But if you add a few extras, things start looking a whole lot better. Your pizza could now score a healthier 4 out of 5:

  • Tuna, chicken strips, ham, cold meat and will increase the protein content (rather tuna than ham, which can be full of nitrates if it is smoked)
  • Mozzarella will also up the protein and calcium but is less fatty than yellow cheese
  • Pineapple pieces will increase the fibre content of the meal
  • Serve with a green salad (or fruit salad for dessert) to increase the fibre content some more.

Fish fingers

Scored: 2 out of 5

At least we get some fish in our children when they eat fish fingers, but it’s very processed. The big problem is that it contains hydrogenated fats, the bad, dangerous fats.
It’s much better to make fish cakes using tuna, mashed potato and egg and bake them in the oven.

Two minute noodles

Scored: 2 to 5 out of 5

These noodles are quick and easy, but most brands are high in fat and the flavouring sachets are packed with salt and toxic additives like MSG. A bowl of them, with the flavouring sachet, scores 2.

However, Pick ‘n Pay sells fat-free two minute noodles under their no name brand. Serve these without the flavouring sachet. Stir in some frozen vegetables and sprinkle a little cheese over, or mix in some leftover mince. Serve with tomato sauce and all of the above, and the meal scores 5.

Creamed Sweetcorn

Scored: 3 out of 5

It’s not a bad choice, but can be full of salt. Some brands contain more salt than others. Limit any tinned foods to once or twice a week.

Tip: make your own low salt creamed sweetcorn - cut the kernels from the cob, steam them for three minutes in the microwave, add a little milk and liquidise. This can be stored for two days in the fridge.


Scored: 1 to 5 out of 5

It depends on the type of bread. White bread gets a 1 while a seed loaf can get a 5. Try to avoid processed bread containing the preservative calcium propionate.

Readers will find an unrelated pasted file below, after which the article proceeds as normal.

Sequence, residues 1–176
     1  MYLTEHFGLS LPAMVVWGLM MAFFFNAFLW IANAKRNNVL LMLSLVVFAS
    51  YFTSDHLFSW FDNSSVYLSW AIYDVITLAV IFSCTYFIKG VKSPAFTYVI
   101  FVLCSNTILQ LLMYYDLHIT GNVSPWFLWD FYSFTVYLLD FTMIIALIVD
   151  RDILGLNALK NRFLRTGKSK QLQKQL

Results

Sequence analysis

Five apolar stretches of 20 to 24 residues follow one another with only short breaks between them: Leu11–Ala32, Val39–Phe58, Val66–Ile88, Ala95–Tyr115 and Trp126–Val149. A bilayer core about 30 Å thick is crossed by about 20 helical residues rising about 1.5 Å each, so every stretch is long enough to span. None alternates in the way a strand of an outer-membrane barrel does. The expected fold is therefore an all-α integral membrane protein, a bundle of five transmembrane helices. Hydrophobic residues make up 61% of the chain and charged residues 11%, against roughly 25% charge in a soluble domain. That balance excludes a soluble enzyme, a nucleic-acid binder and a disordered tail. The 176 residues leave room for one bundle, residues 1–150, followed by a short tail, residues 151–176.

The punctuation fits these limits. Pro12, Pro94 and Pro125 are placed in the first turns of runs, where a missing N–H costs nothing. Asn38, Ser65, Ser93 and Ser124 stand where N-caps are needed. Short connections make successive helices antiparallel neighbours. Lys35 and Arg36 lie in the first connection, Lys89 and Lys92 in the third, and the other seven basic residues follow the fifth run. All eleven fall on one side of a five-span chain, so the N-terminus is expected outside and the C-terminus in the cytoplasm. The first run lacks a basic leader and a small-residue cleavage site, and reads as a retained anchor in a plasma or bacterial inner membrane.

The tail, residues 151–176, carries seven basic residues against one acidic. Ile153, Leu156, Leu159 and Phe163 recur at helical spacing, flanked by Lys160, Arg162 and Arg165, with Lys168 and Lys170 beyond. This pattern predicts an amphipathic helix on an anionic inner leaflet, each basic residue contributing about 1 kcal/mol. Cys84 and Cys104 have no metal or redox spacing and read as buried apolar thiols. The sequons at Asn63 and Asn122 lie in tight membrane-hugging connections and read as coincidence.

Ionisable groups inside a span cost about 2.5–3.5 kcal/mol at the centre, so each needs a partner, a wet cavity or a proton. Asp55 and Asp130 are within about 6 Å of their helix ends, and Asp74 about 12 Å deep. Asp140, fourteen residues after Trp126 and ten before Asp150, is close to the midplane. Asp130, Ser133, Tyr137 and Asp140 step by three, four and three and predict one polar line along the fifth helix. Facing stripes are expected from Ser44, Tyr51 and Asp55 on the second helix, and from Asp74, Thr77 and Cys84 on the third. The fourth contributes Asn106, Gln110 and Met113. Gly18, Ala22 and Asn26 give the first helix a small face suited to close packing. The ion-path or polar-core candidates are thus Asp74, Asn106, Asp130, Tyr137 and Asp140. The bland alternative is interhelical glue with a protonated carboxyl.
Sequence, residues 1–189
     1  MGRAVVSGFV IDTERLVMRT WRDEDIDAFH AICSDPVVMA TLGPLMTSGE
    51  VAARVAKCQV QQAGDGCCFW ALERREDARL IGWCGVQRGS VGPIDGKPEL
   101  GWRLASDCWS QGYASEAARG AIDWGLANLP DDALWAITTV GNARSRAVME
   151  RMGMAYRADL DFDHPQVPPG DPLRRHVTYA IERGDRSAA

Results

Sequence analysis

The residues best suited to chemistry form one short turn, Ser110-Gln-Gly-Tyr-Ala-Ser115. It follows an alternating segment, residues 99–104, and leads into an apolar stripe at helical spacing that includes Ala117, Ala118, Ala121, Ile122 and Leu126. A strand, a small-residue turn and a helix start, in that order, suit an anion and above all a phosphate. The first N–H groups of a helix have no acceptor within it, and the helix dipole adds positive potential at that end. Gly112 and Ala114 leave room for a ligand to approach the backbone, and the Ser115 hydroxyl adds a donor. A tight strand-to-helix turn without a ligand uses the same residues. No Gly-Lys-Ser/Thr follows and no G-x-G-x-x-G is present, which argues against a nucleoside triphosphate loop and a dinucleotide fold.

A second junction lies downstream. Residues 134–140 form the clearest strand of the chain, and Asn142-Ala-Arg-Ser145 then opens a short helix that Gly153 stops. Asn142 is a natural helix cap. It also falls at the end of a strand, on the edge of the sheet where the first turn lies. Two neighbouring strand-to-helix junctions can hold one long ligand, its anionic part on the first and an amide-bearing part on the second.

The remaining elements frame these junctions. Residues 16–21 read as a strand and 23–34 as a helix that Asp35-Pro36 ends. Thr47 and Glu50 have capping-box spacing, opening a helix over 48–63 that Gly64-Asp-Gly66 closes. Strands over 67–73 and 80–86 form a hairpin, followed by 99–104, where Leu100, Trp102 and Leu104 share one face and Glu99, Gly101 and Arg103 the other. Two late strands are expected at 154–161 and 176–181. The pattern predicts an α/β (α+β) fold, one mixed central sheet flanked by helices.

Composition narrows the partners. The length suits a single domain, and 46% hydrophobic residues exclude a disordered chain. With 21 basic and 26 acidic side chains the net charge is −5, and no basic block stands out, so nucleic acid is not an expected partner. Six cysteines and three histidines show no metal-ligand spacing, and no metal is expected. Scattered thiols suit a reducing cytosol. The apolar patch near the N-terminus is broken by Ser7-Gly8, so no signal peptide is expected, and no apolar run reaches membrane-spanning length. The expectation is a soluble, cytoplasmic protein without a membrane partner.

• Most children prefer a nice, healthy seed roll to plain, brown bread
  • Choose bread with a low GI and added nutrients like omega-3
  • Keep trying out different bread until you find a healthy one that your children like

Bread’s score can be improved by the spreads and toppings you use. Healthy options are avocado, mince, peanut butter, egg, tomato and cheese, fish paste, etc.

Bully Beef (Corned Beef)

Scored: 1 out of 5

This is not a good choice, because it contains a lot of salt, sugar, fat, processed meat and flavourings, including MSG.

A healthier, quick meat option is frozen mince which can be defrosted in the microwave. When you cook savoury mince, make a big batch and freeze it in small portions which can be defrosted in minutes – ready for use as spread on bread or a topping for noodles or rice (which can also be made in bulk and frozen in small portions).

More tips:

  • Tinned foods with the most nutritional value are baked beans and sardines
  • Frozen carrot and nut muffins (buy or make your own) can be defrosted quickly in the microwave. It’s a quick, nutritious snack even if it is a bit high in fat
  • Another star is tinned fruit with custard. Although it is a little high in salt and sugar, it’s still better than many other tinned foods.
  • Supper doesn’t always have to be a cooked meal. Make a picnic supper using cubes of cheese, nuts, fresh and dried fruit, cold meat (preferably leftover Sunday roast), cherry tomatoes and cucumber batons